I wanted to do it for Crystal Bradshaw, a bright-eyed South Carolina toddler I met as a reporting intern back in 1985. The 3-year-old had leukemia, and I was assigned to write a story about her family's attempts to raise money for a bone-marrow transplant. As a reporter, I was supposed to maintain an objective distance, but Crystal and her parents and grandparents touched my heart. Before leaving the state for graduate school, I wrote about Crystal's plane trip to her transplant and a possible new life.
I threw myself into school and tried to forget about Crystal. But every so often, I would wonder: Did the transplant work? Is she cancer-free? Did her bouncing curls grow back as beautiful? But I deliberately did not find out what happened to her. I was afraid I would hear things I didn't want to hear.
In 1992, I signed up to become a bone marrow donor. As the technician took my blood, I thought of Crystal and once again wished her well in my heart. If I could just help someone like her, I thought, I would do anything.
As the months passed, the excitement of volunteering faded. I began to feel that my blood must be the most common out there. Why else wouldn't they call?
But each time I moved, I remembered to update my contact information. After all, they still had vials of my blood and might still make a match.
Months turned into years. I married and started a family. I gave birth to my own bright-eyed little girl and banked her cord blood on the off-chance she would one day need it for a lifesaving transplant. Three years after that, a baby boy completed our family. Teddy had his own health issues – allergies to eggs, milk, wheat and nuts – but I was thankful that I hadn't had to face a serious illness like leukemia.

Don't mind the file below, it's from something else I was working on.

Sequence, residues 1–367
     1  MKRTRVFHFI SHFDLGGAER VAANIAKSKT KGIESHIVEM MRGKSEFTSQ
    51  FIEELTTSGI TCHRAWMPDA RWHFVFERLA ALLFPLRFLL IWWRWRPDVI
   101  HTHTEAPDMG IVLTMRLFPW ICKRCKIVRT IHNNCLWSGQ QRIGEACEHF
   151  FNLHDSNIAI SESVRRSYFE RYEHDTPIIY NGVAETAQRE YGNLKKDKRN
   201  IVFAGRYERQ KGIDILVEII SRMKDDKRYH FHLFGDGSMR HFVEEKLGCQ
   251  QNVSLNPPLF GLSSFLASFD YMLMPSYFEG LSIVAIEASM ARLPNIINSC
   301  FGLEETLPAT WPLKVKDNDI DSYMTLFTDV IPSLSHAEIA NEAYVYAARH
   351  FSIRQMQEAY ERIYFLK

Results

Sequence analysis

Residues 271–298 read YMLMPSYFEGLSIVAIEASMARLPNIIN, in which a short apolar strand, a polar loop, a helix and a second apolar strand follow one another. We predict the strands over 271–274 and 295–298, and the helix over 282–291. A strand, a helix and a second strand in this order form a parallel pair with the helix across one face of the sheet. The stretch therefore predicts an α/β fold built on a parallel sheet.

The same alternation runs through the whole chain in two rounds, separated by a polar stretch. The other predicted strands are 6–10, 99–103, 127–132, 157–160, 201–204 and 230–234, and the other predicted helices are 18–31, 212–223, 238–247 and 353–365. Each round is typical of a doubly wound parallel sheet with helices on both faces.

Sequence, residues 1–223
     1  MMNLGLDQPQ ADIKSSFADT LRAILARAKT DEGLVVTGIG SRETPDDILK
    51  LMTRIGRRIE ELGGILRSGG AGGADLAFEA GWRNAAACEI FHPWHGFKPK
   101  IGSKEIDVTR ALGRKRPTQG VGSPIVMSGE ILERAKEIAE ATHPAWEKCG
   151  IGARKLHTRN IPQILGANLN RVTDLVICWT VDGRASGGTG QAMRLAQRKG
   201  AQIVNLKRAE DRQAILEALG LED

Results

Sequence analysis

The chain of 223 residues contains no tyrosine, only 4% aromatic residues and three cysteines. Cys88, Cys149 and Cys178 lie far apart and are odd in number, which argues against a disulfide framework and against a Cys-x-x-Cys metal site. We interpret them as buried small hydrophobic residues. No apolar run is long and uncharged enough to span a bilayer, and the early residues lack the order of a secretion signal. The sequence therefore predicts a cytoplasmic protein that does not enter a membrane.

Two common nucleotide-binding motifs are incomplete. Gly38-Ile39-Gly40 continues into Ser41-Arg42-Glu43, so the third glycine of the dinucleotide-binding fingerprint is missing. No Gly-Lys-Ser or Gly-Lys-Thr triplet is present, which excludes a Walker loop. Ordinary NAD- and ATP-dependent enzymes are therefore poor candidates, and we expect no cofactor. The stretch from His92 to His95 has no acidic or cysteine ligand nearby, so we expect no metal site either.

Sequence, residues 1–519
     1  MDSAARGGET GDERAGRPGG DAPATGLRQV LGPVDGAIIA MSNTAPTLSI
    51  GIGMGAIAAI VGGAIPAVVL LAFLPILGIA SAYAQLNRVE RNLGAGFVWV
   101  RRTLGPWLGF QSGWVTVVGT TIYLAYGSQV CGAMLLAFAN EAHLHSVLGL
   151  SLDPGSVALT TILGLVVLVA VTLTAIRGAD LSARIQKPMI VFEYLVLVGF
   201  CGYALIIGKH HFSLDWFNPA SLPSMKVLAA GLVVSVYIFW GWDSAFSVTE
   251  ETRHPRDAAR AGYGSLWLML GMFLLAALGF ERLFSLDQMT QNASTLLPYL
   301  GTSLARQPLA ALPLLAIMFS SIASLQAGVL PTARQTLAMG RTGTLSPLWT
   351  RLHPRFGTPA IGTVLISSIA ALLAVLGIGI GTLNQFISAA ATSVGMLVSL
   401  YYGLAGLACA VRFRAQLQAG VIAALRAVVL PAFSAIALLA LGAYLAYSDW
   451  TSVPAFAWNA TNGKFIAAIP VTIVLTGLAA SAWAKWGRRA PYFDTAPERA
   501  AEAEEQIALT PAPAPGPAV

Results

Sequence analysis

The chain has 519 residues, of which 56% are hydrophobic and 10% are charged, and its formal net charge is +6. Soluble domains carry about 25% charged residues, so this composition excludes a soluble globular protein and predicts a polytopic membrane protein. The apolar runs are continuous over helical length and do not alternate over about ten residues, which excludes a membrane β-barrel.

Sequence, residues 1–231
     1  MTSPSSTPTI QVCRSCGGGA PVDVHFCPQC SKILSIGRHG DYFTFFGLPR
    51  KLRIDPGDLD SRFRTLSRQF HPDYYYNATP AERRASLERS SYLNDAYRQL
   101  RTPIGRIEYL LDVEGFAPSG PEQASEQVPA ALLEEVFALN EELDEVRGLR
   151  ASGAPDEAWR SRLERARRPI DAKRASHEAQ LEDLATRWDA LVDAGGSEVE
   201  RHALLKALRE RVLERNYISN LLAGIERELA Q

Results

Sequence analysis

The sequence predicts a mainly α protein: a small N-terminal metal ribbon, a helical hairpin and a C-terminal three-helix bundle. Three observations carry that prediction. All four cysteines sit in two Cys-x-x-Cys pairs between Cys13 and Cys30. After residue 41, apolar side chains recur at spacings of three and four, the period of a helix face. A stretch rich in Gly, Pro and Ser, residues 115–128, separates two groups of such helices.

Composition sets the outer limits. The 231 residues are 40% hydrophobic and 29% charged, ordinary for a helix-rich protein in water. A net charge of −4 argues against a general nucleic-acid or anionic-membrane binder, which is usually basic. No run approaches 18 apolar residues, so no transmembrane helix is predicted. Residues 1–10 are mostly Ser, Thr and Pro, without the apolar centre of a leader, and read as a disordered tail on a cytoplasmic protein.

When my youngest was 8 months old, the call came asking me to follow through on the promise I’d made, to consider helping someone in need.
All the donor coordinator could tell me was that I was a preliminary match for a 14-year-old girl with leukemia. Would I be willing to have additional testing to see if I matched in two additional ways?
"Absolutely," I said. "How could someone refuse?"
She said that people often change their minds. Their lives change and they are no longer willing. Some are no longer able because of disability or pregnancy. That’s why the patient isn’t told about a potential match until the donor passes all tests and agrees once again to donate.
I could barely contain my excitement as I had additional blood drawn. I’d already matched on four "markers," and they would be testing two more. I prayed they would match. I prayed for the 14-year-old stranger. And I prayed for Crystal.
The results of the tests were mixed. I matched on one marker, but not the other. The teenager would not get my marrow. I was crushed.
The donor coordinator told me that the additional testing will help things progress more quickly if I’m called again. She thanked me for being willing and said it was possible the girl would find another donor.
And so I settled in to wait for another call. Remembering Crystal’s curls, I bided my time by growing my hair long and donating 10 inches to Locks of Love, which makes free wigs for children who lose their hair after chemotherapy. Maybe it will help another little girl get over the loss of her bouncing curls.
Today Crystal Bradshaw would be in her 20s. Regardless of her fate, her life has had an impact. If I’m ever a final match for someone, that person will owe it all to Crystal.
Editor’s Note: Medical news is a popular but sensitive subject rooted in science. We receive many comments on this blog each day; not all are posted. Our hope is that much will be learned from the sharing of useful information and personal experiences based on the medical and health topics of the blog. We encourage you to focus your comments on those medical and health topics and we appreciate your input. Thank you for your participation.